“In 2003, Justice Sandra Day O’Connor, writing the majority opinion upholding affirmative action in Grutter v. Bollinger, expressed the hope that race-conscious admissions would be unnecessary 25 years hence.”  “Harvard UNC affirmative action admissions before Supreme Court”  Because of earlier discrimination against blacks, in part through inferior elementary and secondary education, it was accepted as OK to temporarily discriminate modestly in favor of blacks when admitting students to a college or university. Such “affirmative action” has increased black college enrollment considerably. “Affirmative action-supreme court cases”

But 40 years of affirmative action (the waving of equal treatment under the law) is stretching the notion of temporary and the SC is likely to end it. In many respects it is about time. However, it also illustrates that the rigidity of a legal remedy in place of more nuanced judgement can be second best. This is a dilemma.

While enjoying an intellectually stimulating time in college may help attract good students, the real test of a college’s success is the extent to which the experience promotes a richer (in all senses) life after graduation. This requires admitting students who will benefit most from what the college offers, whatever their starting point. It requires looking deeper than such indicators as SAT scores. Prof. Roland Fryer’s experience suggests possible approaches. “Affirmative action-Supreme Court and college admissions”

As he often does, George Will confronts us with the frequent contradictions in our thinking on such tricky issues: “College racial discrimination and affirmative action”

The Role of Social Media

With Elon Musk’s purchase of Twitter, the discussion of whether and how to regulate such platforms is intensifying.  “Social media and false information”  Francis Fukuyama, Barak Richman, and Ashish Goel have reviewed this issue in the current issue of Foreign Affairs:  “Fukuyama-How to save democracy from technology”  Their review is well worth reading. They offer a new suggestion for shifting control from Facebook, Twitter, etc. to their users (us) that deserves attention.

“If regulation, breakup, data portability, and privacy law all fall short, then what remains to be done about concentrated platform power? One of the most promising solutions has received little attention: middleware. Middleware is generally defined as software that rides on top of an existing platform and can modify the presentation of underlying data…. Middleware could allow users to choose how information is curated and filtered for them. [Middleware] would step in and take over the editorial gateway functions currently filled by dominant technology platforms whose algorithms are opaque.”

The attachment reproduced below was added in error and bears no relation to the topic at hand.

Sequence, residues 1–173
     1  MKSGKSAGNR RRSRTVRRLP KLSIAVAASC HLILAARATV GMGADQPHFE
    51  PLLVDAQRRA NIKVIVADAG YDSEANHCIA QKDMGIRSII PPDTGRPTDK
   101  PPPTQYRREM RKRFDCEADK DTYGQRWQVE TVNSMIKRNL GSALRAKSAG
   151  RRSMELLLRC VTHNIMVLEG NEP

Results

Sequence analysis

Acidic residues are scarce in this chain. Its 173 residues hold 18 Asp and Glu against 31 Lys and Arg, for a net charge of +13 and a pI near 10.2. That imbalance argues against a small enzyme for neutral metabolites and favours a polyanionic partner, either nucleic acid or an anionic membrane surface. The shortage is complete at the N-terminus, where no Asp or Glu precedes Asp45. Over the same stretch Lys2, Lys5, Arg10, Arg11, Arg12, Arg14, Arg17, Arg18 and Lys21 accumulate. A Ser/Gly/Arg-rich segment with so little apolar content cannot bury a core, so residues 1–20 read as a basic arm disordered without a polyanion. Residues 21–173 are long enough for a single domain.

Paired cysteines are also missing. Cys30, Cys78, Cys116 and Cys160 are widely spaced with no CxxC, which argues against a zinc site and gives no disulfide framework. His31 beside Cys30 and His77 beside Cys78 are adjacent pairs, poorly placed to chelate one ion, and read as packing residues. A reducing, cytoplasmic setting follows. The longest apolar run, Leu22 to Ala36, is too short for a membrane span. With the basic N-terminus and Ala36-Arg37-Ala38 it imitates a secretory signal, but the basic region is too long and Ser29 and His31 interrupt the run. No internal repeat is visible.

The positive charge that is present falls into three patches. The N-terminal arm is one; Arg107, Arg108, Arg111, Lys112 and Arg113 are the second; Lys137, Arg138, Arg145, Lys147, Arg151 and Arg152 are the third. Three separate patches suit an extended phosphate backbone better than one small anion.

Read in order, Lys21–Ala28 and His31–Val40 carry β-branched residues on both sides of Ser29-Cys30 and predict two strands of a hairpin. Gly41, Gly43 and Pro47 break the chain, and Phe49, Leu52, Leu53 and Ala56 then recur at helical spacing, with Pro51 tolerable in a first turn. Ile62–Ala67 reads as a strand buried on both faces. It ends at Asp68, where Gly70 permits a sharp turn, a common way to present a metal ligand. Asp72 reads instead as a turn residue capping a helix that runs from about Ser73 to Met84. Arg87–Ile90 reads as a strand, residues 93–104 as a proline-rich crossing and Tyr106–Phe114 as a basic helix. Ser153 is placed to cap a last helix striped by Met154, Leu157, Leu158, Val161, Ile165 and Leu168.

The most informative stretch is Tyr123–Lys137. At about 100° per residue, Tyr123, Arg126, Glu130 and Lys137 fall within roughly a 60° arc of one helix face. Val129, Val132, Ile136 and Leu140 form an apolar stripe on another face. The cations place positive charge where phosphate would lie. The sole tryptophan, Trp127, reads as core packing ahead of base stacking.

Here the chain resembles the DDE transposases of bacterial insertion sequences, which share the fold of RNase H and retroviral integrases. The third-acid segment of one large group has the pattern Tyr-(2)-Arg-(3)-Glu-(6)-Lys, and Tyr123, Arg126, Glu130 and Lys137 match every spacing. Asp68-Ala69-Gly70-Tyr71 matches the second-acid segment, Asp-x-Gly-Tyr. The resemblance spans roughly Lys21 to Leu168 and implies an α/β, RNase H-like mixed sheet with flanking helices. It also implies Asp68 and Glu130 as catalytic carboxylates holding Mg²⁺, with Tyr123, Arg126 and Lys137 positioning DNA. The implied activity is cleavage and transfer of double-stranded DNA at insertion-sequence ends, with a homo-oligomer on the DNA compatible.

There are many issues to resolve with this approach, but they should be explored. I already rely on a service that reports on the trustworthiness of news sources (does the source adhere to high journalistic standards, etc.)  https://www.newsguardtech.com/. The proposed middleware would put what we see on Facebook, Twitter, Instagram, etc. in our own hands where it belongs. But, as we must never forget, our freedom produces results no better than how wisely we use it.  If we chose to see only comments and articles with views we agree with, we will remain in the bubble these social media platforms already put us in.  

Young people (and old) should be taught the importance of checking “other” views along with what they already believe.  I am reminded of the left-wing dad who complained that his kids graduated from college with all the “right” views but having heard nothing else they were totally unable to defend any of them.   “Social media and fake news”

Ukraine War—How does it end?

Russia’s invasion of Ukraine is wrong in every way (legally, morally, strategically). Ukraine’s fight to defend its sovereignty is heroic, brave, and impressive. The U.S. is supporting Ukraine to the last Ukrainian soldier. But there are a limited number of potential Ukrainian fighters left and causalities are high.

The fighting can end when: a) Russia kills or disables Ukraine’s remaining soldiers and puts a Russian friendly President in Kyiv; b) the West (NATO) provides soldiers to support the Ukrainian Army perilously launching WWIII; c) The advice offered in the letter to President Biden from 30 congressional members of the Congressional Progressive Caucus to press Zelensky and Putin to negotiate leads to a truce and end to the fighting. “CPC letter for diplomacy on Russia-Ukraine conflict”  However, the letter was later withdrawn (perhaps because the signers now foolishly believe that Ukraine can defeat Russia). “Obama already said some of what the Progressive Caucus got slammed for about Ukraine”

Of Ukraine’s total population of almost 44 million, all of fighting age and condition are on the battle fields and their numbers are shrinking every day. Of its total standing military of about 200,000 when the war began, 70,000 to 80,000 have already been killed or wounded. Another approximately 300,000 have since joined the fight. “Ukraine-Russia military comparison”    “Russia-Ukraine crisis-how big is the Ukraine army size compared to Russia’s”